the word of God is living and active, sharper than any two-edged sword, piercing to the division of soul and of spirit, of joints and of marrow, and discerning the thoughts and intentions of the heart.

So not only is the Bible “God-breathed,” but it also has a life of its own!  So what does this say about how we should read the Bible and where it belongs?  Well first of all it belongs with God – specifically the Holy Spirit who inspired it.  After all, if it’s breathed out by God, then we should not be subjecting it to mere human interpretation (as St. Peter also argued).

Ironically, focusing on human interpretation is precisely what many seminaries teach us to do these days.  We study the original languages, we look at some of the manuscript differences in an attempt to dig our way back to the original text, we work through the grammar of the Greek, Hebrew, and Aramaic to reveal what the original texts meant, and in all this seem to equate the Bible’s human authorship with its divine authorship.  And while these are certainly useful and valid, because human authors definitely were involved in the writing and shaping of the Scriptures, this cannot be the whole picture.  When interpreting the Bible is reduced to translation, grammar, and linguistic analysis, biblical theology becomes more a matter of archaeology – digging up information from a dead past.

But the Bible is not just God-breathed, it’s living and active!  As a current Eastern Orthodox scholar has put it,

Scholarly interpretation has been governed by an overriding concern to establish the original text and meaning. But there are many circumstances in which this is either not appropriate or not the whole story. For the Scriptures do not simply belong to their original context: they have been read and re-read over the centuries. When we venerate the Book of the Gospels we are acknowledging it as something that belongs to the present: it bodies forth Christ now.
—Andrew Louth, Introducing Eastern Orthodox Theology, p. 9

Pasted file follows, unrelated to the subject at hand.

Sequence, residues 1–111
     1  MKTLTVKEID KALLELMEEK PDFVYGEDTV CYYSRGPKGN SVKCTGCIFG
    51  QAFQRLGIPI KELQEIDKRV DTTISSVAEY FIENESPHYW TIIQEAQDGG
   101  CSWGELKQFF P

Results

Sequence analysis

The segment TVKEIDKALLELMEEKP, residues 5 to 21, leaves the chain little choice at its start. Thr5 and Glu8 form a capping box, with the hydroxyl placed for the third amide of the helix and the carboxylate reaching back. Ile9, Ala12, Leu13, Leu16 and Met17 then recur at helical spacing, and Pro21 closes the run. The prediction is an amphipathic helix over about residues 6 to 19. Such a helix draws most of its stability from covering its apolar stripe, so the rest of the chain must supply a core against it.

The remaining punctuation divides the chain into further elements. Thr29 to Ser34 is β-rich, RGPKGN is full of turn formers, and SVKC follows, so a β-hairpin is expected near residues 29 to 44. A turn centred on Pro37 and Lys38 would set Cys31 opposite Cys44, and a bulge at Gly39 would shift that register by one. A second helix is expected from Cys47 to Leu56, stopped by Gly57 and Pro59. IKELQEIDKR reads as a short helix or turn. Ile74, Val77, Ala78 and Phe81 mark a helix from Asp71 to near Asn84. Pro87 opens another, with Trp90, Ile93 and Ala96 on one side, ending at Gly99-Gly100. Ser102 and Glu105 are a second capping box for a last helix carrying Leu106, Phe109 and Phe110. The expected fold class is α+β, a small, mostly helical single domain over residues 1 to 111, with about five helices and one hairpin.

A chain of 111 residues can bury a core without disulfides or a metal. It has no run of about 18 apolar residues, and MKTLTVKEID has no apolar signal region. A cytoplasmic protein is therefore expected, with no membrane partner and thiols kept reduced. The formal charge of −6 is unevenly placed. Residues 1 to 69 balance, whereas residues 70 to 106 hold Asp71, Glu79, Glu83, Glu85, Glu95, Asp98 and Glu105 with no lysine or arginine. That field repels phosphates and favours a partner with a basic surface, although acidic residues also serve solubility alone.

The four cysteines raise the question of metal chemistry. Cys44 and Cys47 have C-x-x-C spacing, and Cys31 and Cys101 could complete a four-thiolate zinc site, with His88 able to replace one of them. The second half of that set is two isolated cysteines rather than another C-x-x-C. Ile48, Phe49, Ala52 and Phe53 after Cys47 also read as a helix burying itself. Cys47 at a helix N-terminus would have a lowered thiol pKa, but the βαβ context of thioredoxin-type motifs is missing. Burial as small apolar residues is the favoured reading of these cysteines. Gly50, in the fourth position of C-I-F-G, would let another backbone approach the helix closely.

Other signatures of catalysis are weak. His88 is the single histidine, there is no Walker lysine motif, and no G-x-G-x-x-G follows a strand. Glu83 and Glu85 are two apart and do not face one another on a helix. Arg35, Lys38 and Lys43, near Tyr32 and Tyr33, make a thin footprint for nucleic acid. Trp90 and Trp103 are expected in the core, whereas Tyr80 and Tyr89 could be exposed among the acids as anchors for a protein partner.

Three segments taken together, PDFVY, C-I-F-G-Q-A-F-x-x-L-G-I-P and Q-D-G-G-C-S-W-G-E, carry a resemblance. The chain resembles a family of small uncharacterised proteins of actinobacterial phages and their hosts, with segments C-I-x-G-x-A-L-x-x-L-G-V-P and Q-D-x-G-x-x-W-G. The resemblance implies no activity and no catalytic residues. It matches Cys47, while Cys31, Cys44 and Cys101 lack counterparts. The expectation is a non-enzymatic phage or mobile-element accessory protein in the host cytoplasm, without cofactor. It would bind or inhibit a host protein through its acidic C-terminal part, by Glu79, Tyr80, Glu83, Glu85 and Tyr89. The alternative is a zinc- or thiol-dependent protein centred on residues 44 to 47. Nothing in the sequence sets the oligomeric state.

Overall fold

Regardless of denomination, all Christians do believe this – the Bible is the word of God, and therefore is an embodiment of the true Word of God, Jesus.  Sure, some of the more liberal traditions have played upon this fact to try to pit “Jesus” against “Bible” and pick up only what they want from the ashes, but that’s not what this is about.  Rather, just as Jesus is living and active, interceding for us to the Father, so is his Spirit and his Word and his Body:

  • The Spirit of Christ (the Holy Spirit) is actively sanctifying us and leading us into all the truth of Christ.
  • The Word of Christ (the Bible) is actively shining the light of Christ’s truth into the world, in the capable hands of the Spirit and the Church.
  • The Body of Christ (the Church) is actively proclaiming the Gospel unto the ends of the earth, ministering in Christ’s Name.

So where is the Bible’s natural habitat?  As the Word of Christ, it belongs with the Spirit of Christ and the Body of Christ – it belongs in the Church.  That means that the “best place to read the Bible” is in the Church.  I don’t mean you and I physically have to go into a church building, sit in the pews, and only there crack open our Bibles.  I mean that the Bible is best read, best understood, when read by the Body of Christ – when the Church is gathered to be the Church.  As this article puts it:

The way of understanding sacred writ in the early Church and down through the centuries–many years before widespread literacy and the advent of the printing press–was in how they were utilized in our daily, weekly, and annual liturgical celebrations.